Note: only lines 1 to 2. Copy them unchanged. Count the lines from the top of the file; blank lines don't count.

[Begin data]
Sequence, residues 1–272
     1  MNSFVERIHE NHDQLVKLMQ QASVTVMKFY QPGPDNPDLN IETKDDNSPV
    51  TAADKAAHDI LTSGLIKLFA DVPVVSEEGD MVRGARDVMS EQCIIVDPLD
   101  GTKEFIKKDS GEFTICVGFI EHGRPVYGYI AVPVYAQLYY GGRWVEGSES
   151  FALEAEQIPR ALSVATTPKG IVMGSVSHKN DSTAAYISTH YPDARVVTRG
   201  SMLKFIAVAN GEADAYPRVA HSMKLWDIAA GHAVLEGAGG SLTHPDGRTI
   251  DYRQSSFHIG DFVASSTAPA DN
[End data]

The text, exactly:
Sequence, residues 1–272
     1  MNSFVERIHE NHDQLVKLMQ QASVTVMKFY QPGPDNPDLN IETKDDNSPV